They named her wrong. Humans always get names wrong.
Her mother threw herself from the flat-tired car and stumbled to my loch. She and the baby were craving the feel of water and she collapsed in the banks with her feet submerged. A man followed, yelling that it was too dark, too dangerous. She was reckless and wilful and continued as if she had not heard.
The first thing those swamp coloured eyes saw was the faint, luminous green ribbon in the sky and my own waters were the first to touch her soft, fresh skin. The frantic lights of the ambulance flashed in fragments between the trees and the sirens harmonised with the baby’s cries as they decided on her name; Aurora for the sky above and Nimue for the sorceress that had called them to the loch.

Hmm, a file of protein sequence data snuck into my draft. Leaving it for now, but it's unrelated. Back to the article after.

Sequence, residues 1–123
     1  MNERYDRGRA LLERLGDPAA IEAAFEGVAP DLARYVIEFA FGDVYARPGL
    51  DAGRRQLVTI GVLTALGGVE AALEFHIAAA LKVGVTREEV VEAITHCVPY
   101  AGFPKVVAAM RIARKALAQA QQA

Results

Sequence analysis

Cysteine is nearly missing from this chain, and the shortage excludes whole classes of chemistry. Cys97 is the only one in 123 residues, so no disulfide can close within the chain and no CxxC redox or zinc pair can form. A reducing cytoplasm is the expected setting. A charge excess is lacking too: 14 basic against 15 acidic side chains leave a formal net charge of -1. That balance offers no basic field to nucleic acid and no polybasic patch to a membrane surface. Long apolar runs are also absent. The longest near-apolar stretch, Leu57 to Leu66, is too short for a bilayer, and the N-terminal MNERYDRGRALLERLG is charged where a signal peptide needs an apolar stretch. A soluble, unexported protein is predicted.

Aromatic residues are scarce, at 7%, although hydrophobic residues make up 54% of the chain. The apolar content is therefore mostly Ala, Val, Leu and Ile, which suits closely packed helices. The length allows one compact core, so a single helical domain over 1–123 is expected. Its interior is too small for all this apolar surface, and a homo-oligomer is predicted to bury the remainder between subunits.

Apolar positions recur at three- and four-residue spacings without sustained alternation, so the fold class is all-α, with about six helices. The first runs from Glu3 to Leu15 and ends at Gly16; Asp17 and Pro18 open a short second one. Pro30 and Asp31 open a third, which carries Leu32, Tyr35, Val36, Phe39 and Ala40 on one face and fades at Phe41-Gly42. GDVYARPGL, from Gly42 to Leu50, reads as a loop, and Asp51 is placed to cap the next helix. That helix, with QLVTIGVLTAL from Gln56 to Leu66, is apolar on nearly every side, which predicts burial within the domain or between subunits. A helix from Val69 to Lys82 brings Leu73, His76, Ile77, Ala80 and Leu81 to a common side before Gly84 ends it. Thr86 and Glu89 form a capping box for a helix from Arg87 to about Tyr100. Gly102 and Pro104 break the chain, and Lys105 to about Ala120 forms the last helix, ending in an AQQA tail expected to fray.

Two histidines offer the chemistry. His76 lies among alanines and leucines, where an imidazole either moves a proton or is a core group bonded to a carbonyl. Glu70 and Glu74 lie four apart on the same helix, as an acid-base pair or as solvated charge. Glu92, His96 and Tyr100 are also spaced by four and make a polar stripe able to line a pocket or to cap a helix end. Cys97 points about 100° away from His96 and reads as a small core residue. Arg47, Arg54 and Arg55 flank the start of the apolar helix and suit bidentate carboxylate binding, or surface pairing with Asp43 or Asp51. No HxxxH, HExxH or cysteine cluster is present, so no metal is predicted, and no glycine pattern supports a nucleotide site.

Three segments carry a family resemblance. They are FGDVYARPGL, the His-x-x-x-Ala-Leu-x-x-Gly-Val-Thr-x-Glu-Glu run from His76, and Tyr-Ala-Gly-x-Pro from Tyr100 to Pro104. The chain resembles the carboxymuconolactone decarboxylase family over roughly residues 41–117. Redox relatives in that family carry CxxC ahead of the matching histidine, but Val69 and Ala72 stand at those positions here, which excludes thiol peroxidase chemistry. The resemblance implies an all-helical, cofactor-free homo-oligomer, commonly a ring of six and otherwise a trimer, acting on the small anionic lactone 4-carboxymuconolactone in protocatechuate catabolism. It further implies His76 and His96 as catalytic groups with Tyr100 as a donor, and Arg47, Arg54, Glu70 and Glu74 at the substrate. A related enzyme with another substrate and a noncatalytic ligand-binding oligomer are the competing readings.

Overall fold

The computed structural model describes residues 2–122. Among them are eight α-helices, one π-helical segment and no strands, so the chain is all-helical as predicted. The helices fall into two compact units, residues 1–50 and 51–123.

‘What would you have named me?’
‘Beira’ I answer, ‘after the queen and goddess for you have the same spirit’
‘Well, my parents could hardly have known what spirit I had.’
They left my blood-stained water and fourteen years passed before I saw her again. She had rejected her name, as I knew she would, and she called herself Nim. She came with a blanket, a basket, and a boy. I stirred from my sleep, intrigued by the girl with walnut-brown curls and laughter that the wind carried across the loch. She shied away from the sun, huddling into the shadows of the trees and turning her face away from the white-hot light. She gazed at the water; trailing ardent eyes from the glittering teal of my shallows to my dark sapphire depths. Had I been human, I might have blushed.
I knew who she was the moment her skin connected with the water. She still had swamps for eyes, murky green flecked with brown-
‘Stop saying my eyes are swamps!’
‘Swamps aren’t known for being pretty.’
‘I think they’re pretty.’